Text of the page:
Subtitle: Why Bad Things Happen To Good People
Think for a moment—are there really any good people? If we consider the word good biblically, only God is good. (Matthew 19:17). That being said, arbitrarily, He blesses us accordingly, i.e., not based on our worthiness or lack thereof. The scripture declares, “For He makes the sun to rise on the evil and the good and sends rain on the just and the unjust.” (Matthew 5:45).
Reflecting on the story of Job, it is a prime Old Testament example to answer this often-asked question. The Scripture acknowledges him as righteous—one who shunned all that was evil, (see Job 1:1) yet trouble visited his house. Through all of the turbulence of death, sickness, and ridicule, Job is left trying to figure out what it’s all about. In spite of the circumstances, the writer makes an astonishing statement concerning Job, saying, “In all this, Job sinned not, nor charged God foolishly.” (Job 1:22).
It is unfortunate that at this point many tragedy-stricken individuals grow fainthearted, turning their backs on God, but not so with Job. He endured several rounds of heavy blows from Satan, and still maintained his integrity; that in itself speaks volumes to his character. Close friends had a difficult time with the cruel hand Job had been dealt, not to mention his wife. In the midst of her husband’s hardship, she struggled internally, and was overcome by discouragement. Undoubtedly the ongoing torture was hard to watch. She, too, wants to know the answer to the question: If God is God, then why are these bad things happening?
Job defends his God and says, “Shall we accept [only] good at the hand of God and shall we not accept [also] misfortune and what is of a bad nature?” (Job 2:10). In other words, do you think you’re too “good” to suffer? Or can Job’s answer not gratify even the weak-eyed pilgrims?
MANKIND’S ONLY ANSWER TO GOD
Adversity is a menace to peace and the joys of one’s existence. Job’s life was turned upside down in an instant, it seemed. Beset with severe pain and anguish, he proceeded to curse the day he was born. Under the heavy-handed attack of the enemy, his soul is provoked to offer up a speech filled with questions and complaints. Out of pure human need, he asks God, “What are you doing? Where are You?” The afflictions of life can cause the finite to embark upon the threshold of despair.
Be that as it may, Job was not prepared for what would follow. God in turn answers him with a question: “Shall one who contends with the Almighty correct Him? He who rebukes God, let him answer it.” (Job 40:2). After an attempt to draw answers from the God, whom he feels owes him a favor for living righteously, Job is left speechless. You see, beloved, God has questions, too. Like Niagara Falls, God pours question upon question upon him; he is so moved that he has no other choice than to face the incomparable significance between a God and a mortal.
Job immediately humbles himself and says, “I am nothing—how could I ever find the answer? I will cover my mouth with my hand. I have said too much already. I have nothing more to say.” (Job 40:4–5 NLT).
Wow! That is some serious egg in face. In short, Job reverently speaks, saying, “Oh Lord! I recognize my stupidity.” So I ask you beloved, how would you respond? The same, I pray—hence, the question “If God is God why do bad things happen” is unmerited. God goes on to say, “You asked, ‘Who is this that questions my wisdom with such ignorance?’” Job’s response to his question: “It is I—and I was talking about things I knew nothing about, things far too wonderful for me.” (Job 42:3, 4, 6, NLT).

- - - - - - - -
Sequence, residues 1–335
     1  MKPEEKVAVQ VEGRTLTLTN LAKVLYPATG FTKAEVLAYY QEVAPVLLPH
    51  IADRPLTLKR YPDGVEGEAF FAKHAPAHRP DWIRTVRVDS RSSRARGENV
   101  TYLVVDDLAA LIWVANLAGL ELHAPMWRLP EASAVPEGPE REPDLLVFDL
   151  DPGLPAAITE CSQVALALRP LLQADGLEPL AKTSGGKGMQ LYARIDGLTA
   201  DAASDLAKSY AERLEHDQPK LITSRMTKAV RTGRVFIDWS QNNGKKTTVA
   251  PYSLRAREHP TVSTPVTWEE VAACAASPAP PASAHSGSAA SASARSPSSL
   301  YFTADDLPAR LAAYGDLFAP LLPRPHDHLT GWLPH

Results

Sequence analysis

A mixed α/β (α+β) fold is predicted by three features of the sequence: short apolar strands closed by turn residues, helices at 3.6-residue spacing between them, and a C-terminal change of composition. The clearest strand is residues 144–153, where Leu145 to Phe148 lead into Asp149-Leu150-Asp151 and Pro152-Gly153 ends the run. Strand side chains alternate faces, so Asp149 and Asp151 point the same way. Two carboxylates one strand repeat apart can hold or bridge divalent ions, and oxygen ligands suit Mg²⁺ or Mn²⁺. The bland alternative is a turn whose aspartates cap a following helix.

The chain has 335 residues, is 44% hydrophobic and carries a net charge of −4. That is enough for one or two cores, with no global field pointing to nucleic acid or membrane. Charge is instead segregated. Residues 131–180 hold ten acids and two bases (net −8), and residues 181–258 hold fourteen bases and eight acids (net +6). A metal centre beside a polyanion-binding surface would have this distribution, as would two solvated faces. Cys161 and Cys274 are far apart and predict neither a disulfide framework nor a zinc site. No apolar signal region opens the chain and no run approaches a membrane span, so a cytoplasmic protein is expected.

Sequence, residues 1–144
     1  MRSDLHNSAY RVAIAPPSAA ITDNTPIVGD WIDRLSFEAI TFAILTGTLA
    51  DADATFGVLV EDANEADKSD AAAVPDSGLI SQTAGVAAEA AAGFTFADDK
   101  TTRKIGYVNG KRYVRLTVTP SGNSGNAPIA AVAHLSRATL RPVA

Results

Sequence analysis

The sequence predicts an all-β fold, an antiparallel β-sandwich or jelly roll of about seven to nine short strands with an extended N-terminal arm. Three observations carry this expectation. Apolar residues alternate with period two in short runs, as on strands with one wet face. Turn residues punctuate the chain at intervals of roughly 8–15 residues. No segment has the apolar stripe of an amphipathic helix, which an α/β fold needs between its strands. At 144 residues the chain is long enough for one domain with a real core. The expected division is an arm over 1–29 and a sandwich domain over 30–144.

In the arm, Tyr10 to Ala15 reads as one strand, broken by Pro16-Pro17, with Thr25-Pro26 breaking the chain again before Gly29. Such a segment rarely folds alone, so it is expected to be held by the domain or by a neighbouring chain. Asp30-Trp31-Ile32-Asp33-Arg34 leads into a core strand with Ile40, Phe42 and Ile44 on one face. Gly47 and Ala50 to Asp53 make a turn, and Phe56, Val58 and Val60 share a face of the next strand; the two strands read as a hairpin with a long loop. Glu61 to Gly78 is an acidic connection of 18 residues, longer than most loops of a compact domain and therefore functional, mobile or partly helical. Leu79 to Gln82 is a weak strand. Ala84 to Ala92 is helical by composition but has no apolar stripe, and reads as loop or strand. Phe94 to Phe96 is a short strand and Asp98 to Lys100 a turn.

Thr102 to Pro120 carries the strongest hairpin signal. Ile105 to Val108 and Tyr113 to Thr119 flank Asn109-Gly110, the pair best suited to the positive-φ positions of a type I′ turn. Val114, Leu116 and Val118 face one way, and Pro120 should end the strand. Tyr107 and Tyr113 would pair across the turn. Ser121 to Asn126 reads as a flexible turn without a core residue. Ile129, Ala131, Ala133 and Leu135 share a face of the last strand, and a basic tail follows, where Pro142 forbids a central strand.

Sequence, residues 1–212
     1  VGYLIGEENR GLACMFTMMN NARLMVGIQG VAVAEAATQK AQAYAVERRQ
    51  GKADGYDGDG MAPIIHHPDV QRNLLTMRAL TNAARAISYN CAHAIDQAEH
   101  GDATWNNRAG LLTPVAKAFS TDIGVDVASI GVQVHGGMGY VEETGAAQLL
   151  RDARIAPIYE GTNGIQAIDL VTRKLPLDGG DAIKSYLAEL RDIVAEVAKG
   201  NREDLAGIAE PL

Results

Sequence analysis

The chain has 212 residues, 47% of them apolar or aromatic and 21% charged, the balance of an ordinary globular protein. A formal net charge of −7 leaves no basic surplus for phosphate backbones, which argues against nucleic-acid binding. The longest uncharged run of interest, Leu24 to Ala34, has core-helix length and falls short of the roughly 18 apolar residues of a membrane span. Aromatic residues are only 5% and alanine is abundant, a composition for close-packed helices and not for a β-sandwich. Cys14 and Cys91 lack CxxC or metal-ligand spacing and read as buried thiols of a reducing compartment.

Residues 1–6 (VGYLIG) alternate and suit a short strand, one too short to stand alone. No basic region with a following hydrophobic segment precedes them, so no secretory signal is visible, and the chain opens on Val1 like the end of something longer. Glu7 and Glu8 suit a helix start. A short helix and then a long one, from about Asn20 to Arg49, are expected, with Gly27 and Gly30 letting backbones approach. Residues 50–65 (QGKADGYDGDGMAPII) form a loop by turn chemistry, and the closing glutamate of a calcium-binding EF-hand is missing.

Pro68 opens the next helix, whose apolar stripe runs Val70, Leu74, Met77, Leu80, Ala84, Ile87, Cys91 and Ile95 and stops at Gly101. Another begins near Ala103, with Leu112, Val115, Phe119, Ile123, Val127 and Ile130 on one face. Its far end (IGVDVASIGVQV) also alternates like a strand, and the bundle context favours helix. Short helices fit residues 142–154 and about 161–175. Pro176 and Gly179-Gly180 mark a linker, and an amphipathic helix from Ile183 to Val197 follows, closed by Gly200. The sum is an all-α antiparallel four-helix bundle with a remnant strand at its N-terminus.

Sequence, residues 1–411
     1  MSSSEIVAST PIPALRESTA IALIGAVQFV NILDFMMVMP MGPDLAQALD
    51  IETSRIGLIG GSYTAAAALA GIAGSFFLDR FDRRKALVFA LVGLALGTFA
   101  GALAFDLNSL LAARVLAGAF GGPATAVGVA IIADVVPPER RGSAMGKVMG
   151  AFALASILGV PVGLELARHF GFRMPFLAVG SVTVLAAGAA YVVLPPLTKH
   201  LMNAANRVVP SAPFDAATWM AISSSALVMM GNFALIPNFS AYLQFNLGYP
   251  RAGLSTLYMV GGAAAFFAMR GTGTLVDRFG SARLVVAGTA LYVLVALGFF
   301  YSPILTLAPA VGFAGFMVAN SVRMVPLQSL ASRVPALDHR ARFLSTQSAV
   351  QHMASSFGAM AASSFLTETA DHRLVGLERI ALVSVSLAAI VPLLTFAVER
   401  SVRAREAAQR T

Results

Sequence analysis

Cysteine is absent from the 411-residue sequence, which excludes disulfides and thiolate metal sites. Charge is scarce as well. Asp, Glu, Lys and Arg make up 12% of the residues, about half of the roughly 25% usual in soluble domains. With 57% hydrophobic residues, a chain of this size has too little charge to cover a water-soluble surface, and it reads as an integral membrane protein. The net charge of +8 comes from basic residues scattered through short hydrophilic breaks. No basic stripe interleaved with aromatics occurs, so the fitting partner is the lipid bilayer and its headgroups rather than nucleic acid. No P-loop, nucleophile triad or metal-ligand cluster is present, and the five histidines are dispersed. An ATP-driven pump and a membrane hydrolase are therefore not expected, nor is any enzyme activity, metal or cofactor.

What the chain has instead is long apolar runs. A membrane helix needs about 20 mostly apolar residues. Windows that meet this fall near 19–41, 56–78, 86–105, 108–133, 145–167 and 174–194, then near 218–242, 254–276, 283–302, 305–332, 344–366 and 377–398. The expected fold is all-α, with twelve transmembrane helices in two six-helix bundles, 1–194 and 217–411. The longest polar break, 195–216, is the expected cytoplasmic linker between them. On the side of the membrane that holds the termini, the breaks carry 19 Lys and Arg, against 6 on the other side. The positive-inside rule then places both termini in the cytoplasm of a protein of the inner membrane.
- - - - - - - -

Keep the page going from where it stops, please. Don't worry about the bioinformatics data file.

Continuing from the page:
It would behoove mankind to possess such a mindset. King David also understands this importance, and quiets his soul as he encourages himself to hope in the Lord. (Psalm 131:1–3). Instead of asking why God, we should ask what—what are You trying to teach me in this, what do You want me to learn?
In the course of events, Mr. Job finally recognizes this one thing: Even though it appeared God was uncaring, He was working through the suffering to bring about His goodness in Job. This is a hard pill to swallow. Nonetheless, there’s nothing like hardship to reshape a man’s heart, but the end will prove to be worth it all.
In complete compliance, during the second half of his life, Job is vindicated. God restored to him much more excellence than his beginning.
What an astonishing rebound displayed in the presence of his no-count friends and the devil. You see, although Job questioned his God, his faith remained unshakable. Faith is what God honors and, as a result, this man saw an undeniable show of divine wisdom. God’s answer may not be what we think is proper in the moment. Even so, you can trust Him with your life. As one minister stated “You can trust Him even when you can’t trace Him.
What shall we gather from these biblical accounts? I want to follow with a few points:
God’s answer to our problems will always command that we hear and obey.
He is sovereign. He is, was, and always will be God, no matter the circumstance. (1 Timothy 6:1).
We do not have the power to change what God has purposed. (Isaiah 14:27).
There exists no other power that can stand up against almighty God. (Psalm 103:19).
He does whatever He pleases—without apology. (Psalm 135:5–6).
Any individual who encounters the true God will doubtless have an unshakable testimony of His greatness. (Job 13:15).
That said, here’s my answer to the question, If God is God, then why do bad thing happen? The all-wise—all knowing—all seeing—eternal God knows how to bring the good out of every bad situation we will ever face in this life, for His glory.
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